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You see, every year before classes let out for Christmas break Wake Forest has a Lovefeast service in the campus chapel. For a lot of Wake students, this is their first time attending the Lovefeast service and becomes cemented in their mind as a particularly “Wake Forest”-y experience and a memory that they take with them into their adult lives. For me, the Lovefeast service means a bit more. The Lovefeast service is a Moravian tradition.DSC_0056 If you haven’t spent a Christmas in North Carolina or Pennsylvania you might not have ever heard of the Moravians. If you want to hear the history of the Moravian people and Moravian Church, my dad would be a great person to talk to. But in a nutshell, the Moravians were a group of Germanic people who, led by Jon Huss, formed one of the first Protestant religious communities¬† in the 1400s (long before Luther came along). After decades of hardship and persecution the Moravians eventually found their way to the colony of Pennsylvania in 1741 and, shortly afterwards, founded a small settlement in the wilderness of North Carolina. My ancestors were among these first settlers in NC and my family has lived in (what eventually became) Winston – Salem ever since and remained part of the Moravian church. DSC_0051So- what does all of this have to do with a Christmas Lovefeast service, you ask? Well, the story goes that in the early 1700s things were looking pretty grim for the Moravians. They were living “underground” since it was illegal to be anything but Catholic in Moravia at the time. But then a wealthy but generous noble man – Count Zinzendorf- gave them refuge on his estate in eastern Germany. They were so happy to finally have a place to live and worship safely and openly that they came together for a service of worship and celebration. According to the story, they were so filled with love for each other and for God that they couldn’t tear themselves away from the service. It went on so long that they started to get hungry, so some members gathered up loaves of bread and coffee (okay, it was probably actually beer being Germany in the 18th century but as a kid I was told coffee). Then it started to get dark, so they passed around candles for light. This was the first Lovefeast.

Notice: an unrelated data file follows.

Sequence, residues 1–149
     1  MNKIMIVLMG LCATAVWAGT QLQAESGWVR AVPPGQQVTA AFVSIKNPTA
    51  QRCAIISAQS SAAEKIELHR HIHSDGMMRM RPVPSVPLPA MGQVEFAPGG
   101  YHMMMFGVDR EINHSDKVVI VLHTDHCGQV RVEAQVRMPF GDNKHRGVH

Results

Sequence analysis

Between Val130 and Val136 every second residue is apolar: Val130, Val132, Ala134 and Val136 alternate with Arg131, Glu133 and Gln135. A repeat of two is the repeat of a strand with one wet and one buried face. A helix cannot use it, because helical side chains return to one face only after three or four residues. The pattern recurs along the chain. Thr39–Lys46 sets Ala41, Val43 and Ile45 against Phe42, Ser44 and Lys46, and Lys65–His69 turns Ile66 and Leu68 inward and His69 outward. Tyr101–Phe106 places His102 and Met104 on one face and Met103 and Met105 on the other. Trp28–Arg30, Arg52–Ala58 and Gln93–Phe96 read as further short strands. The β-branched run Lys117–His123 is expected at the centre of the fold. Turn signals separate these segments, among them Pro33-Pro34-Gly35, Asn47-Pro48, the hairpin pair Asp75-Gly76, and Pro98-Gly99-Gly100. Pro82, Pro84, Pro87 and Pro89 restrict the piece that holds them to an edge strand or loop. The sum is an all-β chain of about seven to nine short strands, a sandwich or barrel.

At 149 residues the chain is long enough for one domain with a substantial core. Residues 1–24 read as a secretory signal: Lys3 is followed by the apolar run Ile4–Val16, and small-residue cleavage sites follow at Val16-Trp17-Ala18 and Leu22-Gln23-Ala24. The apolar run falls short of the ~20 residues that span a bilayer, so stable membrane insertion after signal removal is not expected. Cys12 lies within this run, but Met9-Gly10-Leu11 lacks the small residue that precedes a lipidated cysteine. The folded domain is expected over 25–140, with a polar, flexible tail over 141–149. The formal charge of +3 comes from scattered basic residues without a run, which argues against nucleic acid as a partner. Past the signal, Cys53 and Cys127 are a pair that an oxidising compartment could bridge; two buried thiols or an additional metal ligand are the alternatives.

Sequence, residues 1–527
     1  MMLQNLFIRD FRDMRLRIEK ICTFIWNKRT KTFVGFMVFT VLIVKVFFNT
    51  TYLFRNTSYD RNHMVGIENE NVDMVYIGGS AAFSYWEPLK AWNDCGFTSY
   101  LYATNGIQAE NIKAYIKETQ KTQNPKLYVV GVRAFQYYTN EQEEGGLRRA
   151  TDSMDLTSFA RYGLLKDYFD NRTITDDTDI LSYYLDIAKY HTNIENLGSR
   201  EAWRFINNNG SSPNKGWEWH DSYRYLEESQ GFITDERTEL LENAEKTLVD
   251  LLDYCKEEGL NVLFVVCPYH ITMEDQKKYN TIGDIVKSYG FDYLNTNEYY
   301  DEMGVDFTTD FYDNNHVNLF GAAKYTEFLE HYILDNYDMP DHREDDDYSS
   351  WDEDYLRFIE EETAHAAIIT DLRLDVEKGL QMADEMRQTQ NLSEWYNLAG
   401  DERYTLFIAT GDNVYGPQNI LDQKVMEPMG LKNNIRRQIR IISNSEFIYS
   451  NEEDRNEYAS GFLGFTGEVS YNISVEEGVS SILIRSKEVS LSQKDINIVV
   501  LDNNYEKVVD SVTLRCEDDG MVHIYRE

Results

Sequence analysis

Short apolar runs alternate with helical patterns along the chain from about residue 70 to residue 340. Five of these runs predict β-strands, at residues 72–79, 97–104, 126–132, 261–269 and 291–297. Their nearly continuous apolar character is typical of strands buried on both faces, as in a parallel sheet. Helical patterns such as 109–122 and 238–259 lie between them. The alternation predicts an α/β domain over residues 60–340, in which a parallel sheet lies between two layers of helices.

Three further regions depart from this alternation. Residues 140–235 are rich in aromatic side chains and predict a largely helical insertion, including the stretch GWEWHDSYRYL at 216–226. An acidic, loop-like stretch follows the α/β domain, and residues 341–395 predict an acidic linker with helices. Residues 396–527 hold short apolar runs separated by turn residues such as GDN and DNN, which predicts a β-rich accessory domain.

The tradition has continued to this day. Lovefeast services are actually celebrated throughout the year at Moravian churches, but they are best known for the Christmas service. My family’s church always celebrates the Christmas Lovefeast on Christmas Eve, but other churches in the area – including the one on WFU’s campus- have Lovefeasts earlier in December. People from throughout the region attend the Christmas Lovefeast services, even if they don’t attend a Moravian church during the year. It has become a distinctly “Winston-Salem” experience for a lot of people and for many of us, Christmas wouldn’t be the same without the taste of rich coffee (with plenty of real cream and sugar)and soft buns of bread and the smell of beeswax candles.